Results: Tom's Storage Bench v1.0
Storage Bench v1.0 (Background Info)
Our Storage Bench incorporates all of the I/O from a trace recorded over two weeks. The process of replaying this sequence to capture performance gives us a bunch of numbers that aren't really intuitive at first glance. Most idle time gets expunged, leaving only the time that each benchmarked drive was actually busy working on host commands. So, by taking the ratio of that busy time and the the amount of data exchanged during the trace, we arrive at an average data rate (in MB/s) metric we can use to compare drives.
It's not quite a perfect system. The original trace captures the TRIM command in transit, but since the trace is played on a drive without a file system, TRIM wouldn't work even if it were sent during the trace replay (which, sadly, it isn't). Still, trace testing is a great way to capture periods of actual storage activity, a great companion to synthetic testing like Iometer.
Incompressible Data and Storage Bench v1.0
Also worth noting is the fact that our trace testing pushes incompressible data through the system's buffers to the drive getting benchmarked. So, when the trace replay plays back write activity, it's writing largely incompressible data. If we run our storage bench on a SandForce-based SSD, we can monitor the SMART attributes for a bit more insight.
|Mushkin Chronos Deluxe 120 GBSMART Attributes||RAW Value Increase|
|#242 Host Reads (in GB)||84 GB|
|#241 Host Writes (in GB)||142 GB|
|#233 Compressed NAND Writes (in GB)||149 GB|
Host reads are greatly outstripped by host writes to be sure. That's all baked into the trace. But with SandForce's inline deduplication/compression, you'd expect that the amount of information written to flash would be less than the host writes (unless the data is mostly incompressible, of course). For every 1 GB the host asked to be written, Mushkin's drive is forced to write 1.05 GB.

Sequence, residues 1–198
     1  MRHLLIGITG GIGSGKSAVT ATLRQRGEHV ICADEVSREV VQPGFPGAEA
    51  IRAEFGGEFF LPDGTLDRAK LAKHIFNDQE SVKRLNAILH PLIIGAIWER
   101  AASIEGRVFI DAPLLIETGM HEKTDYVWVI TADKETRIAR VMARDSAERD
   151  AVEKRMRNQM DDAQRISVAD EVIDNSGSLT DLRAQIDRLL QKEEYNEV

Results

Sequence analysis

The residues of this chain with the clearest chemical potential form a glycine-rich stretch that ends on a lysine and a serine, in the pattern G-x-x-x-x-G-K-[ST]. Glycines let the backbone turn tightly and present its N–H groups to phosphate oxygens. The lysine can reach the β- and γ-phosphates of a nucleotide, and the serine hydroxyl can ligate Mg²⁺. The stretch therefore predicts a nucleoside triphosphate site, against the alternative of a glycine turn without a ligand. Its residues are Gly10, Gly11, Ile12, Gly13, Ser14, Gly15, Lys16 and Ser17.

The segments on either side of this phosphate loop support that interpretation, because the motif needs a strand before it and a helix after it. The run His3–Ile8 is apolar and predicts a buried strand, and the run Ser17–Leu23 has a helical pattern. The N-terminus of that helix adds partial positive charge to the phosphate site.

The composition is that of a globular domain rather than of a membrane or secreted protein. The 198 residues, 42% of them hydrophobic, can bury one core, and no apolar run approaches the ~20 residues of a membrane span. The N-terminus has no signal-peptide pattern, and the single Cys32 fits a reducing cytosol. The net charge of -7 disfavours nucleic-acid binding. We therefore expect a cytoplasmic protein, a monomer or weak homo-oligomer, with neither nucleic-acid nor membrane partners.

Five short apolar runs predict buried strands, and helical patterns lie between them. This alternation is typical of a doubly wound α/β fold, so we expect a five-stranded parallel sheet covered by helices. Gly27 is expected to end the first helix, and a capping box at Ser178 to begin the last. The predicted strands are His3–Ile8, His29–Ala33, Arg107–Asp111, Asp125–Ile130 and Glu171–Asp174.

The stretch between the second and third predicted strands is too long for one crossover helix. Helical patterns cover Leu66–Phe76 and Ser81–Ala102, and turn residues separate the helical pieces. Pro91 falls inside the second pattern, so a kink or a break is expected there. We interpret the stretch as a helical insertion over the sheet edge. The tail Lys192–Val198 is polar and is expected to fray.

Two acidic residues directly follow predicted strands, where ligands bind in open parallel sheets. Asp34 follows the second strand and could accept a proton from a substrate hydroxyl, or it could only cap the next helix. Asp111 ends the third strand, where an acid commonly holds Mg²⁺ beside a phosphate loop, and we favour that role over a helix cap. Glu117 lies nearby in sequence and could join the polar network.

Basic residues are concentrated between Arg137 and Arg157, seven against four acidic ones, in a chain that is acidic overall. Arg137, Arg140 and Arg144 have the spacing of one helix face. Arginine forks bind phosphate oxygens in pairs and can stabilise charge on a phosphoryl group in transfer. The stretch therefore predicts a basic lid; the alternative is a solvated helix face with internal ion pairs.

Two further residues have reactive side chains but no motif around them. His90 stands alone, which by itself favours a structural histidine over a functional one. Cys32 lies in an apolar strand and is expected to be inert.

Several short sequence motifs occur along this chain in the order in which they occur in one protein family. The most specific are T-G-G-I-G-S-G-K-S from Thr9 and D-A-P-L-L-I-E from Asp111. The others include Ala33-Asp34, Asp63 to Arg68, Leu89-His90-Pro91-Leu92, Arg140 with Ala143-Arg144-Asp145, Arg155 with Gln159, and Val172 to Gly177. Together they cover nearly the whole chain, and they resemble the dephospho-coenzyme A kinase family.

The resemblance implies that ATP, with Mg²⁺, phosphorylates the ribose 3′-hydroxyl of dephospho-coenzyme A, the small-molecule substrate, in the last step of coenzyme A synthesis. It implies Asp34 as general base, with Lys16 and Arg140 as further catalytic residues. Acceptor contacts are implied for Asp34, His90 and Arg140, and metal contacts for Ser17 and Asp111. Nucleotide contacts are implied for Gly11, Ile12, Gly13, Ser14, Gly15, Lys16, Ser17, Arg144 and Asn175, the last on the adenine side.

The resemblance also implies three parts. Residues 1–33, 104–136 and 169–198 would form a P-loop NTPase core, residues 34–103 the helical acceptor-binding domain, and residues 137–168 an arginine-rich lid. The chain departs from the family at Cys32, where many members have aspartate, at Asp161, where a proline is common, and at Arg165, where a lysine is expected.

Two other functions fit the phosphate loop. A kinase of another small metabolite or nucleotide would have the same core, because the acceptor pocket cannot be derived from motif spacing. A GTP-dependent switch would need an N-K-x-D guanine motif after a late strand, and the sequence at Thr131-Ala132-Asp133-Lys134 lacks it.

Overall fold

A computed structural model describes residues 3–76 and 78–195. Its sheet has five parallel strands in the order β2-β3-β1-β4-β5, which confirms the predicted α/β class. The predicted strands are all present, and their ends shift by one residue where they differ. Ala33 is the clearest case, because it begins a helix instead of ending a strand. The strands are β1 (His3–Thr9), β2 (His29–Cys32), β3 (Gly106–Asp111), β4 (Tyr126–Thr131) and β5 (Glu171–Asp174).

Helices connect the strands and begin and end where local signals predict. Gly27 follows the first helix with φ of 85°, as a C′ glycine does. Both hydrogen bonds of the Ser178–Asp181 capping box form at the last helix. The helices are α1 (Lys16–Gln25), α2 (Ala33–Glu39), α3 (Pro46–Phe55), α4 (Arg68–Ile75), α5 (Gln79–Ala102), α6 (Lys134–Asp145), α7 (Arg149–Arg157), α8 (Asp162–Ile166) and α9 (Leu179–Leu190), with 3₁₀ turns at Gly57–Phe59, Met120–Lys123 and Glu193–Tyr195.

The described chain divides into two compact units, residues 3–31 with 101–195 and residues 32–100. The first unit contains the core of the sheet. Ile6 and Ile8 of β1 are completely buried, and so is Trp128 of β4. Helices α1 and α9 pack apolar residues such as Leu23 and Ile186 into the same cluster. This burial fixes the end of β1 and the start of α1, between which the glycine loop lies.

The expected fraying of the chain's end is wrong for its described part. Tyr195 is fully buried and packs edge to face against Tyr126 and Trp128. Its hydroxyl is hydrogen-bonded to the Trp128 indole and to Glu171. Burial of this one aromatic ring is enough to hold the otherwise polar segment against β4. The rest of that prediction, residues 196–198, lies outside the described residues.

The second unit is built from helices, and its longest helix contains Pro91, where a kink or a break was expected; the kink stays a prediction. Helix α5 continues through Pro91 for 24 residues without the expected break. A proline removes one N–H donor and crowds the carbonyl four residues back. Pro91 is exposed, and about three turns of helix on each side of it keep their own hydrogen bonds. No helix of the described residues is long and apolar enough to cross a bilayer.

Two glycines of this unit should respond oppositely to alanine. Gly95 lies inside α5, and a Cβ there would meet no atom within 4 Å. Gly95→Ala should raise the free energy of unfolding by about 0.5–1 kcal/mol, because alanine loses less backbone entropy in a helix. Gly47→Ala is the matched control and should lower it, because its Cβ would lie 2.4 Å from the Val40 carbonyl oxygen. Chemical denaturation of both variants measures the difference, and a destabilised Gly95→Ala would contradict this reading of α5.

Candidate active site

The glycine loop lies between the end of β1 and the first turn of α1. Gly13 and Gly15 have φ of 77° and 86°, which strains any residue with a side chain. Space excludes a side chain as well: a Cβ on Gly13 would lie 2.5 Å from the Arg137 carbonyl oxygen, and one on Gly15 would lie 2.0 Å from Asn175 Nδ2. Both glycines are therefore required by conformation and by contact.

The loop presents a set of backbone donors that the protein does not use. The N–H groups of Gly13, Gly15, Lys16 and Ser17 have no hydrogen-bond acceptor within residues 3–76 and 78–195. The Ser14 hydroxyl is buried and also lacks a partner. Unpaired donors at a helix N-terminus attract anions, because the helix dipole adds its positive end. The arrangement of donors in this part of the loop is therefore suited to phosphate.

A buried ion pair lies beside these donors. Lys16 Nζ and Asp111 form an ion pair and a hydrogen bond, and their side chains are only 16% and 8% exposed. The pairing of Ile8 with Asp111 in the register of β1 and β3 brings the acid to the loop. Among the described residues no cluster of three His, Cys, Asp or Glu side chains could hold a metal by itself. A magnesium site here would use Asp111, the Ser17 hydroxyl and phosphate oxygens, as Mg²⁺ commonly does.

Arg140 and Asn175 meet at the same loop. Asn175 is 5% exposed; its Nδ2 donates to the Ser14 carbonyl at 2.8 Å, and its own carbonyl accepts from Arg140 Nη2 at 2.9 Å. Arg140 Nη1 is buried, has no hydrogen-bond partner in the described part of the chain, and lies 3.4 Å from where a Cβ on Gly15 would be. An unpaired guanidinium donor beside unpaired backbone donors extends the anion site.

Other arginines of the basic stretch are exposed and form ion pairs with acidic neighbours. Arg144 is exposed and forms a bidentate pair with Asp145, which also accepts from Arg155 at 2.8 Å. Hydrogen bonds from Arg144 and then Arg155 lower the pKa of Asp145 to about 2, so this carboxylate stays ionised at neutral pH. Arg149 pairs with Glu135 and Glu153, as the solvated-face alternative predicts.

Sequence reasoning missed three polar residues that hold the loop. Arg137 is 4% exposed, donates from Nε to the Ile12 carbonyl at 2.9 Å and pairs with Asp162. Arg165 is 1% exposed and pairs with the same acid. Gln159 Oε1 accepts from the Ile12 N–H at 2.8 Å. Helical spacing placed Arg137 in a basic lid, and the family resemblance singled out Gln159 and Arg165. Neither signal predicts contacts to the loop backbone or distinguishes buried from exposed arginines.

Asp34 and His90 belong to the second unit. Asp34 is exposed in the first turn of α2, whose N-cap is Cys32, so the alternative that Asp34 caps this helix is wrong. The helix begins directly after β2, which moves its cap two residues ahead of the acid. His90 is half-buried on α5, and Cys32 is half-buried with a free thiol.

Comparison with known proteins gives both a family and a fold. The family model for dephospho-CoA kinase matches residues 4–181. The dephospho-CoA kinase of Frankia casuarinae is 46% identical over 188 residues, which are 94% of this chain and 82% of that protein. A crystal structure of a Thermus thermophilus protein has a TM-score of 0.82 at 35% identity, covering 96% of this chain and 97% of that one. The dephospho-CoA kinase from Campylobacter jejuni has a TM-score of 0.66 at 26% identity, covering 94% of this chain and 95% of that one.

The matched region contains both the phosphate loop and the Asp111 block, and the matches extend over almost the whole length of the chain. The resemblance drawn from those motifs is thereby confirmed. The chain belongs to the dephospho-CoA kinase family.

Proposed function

If our trace replay was just writing easy-to-compress zeros out of the buffer, we'd see writes to NAND as a fraction of host writes. This puts the tested drives on a more equal footing, regardless of the controller's ability to compress data on the fly.
Average Data Rate
The Storage Bench trace generates more than 140 GB worth of writes during testing. Obviously, this tends to penalize drives smaller than 180 GB and reward those with more than 256 GB of capacity.
The M500s handle their business in this metric, but hardly turn in spectacular performances. The 120 GB M500 gets dinged right out of the gate because of its capacity, though not as severely as, say, the 30 GB Intel SSD 525. It's even slower than the three-bit-per-cell-based Samsung 840 120 GB.
All three larger M500s mix it up in the middle of the pack. For instance, the 240 GB drive reports back that it's 2.55 MB/s slower than the previous-gen m4. The 960 GB model is next-highest, just behind Plextor's 256 GB M5 Pro. We really want to know why the M500s fall in line the way they do, though.
Busy time accumulates when the SSD performs a task initiated by the host. So, when the operating system asks a drive to read or write, measured busy time increases. Take the total elapsed time and the amount of data read/written by the trace, and you get busy time in a far easy to understand MB/s figure. Unfortunately, busy time and the MB/s number generated with it aren't really good at measuring higher queue depth performance.
The corner case testing tells us that the M500s really stand apart from each other as queue depth increases. However, all of these SSDs are basically the same in the background I/O generated by Windows, your Web browser, or most other mainstream applications. It's only when we're presented with lots of reads and writes in a short time that the mid-range and high-end drives stand apart from each other. To test that, we need another metric.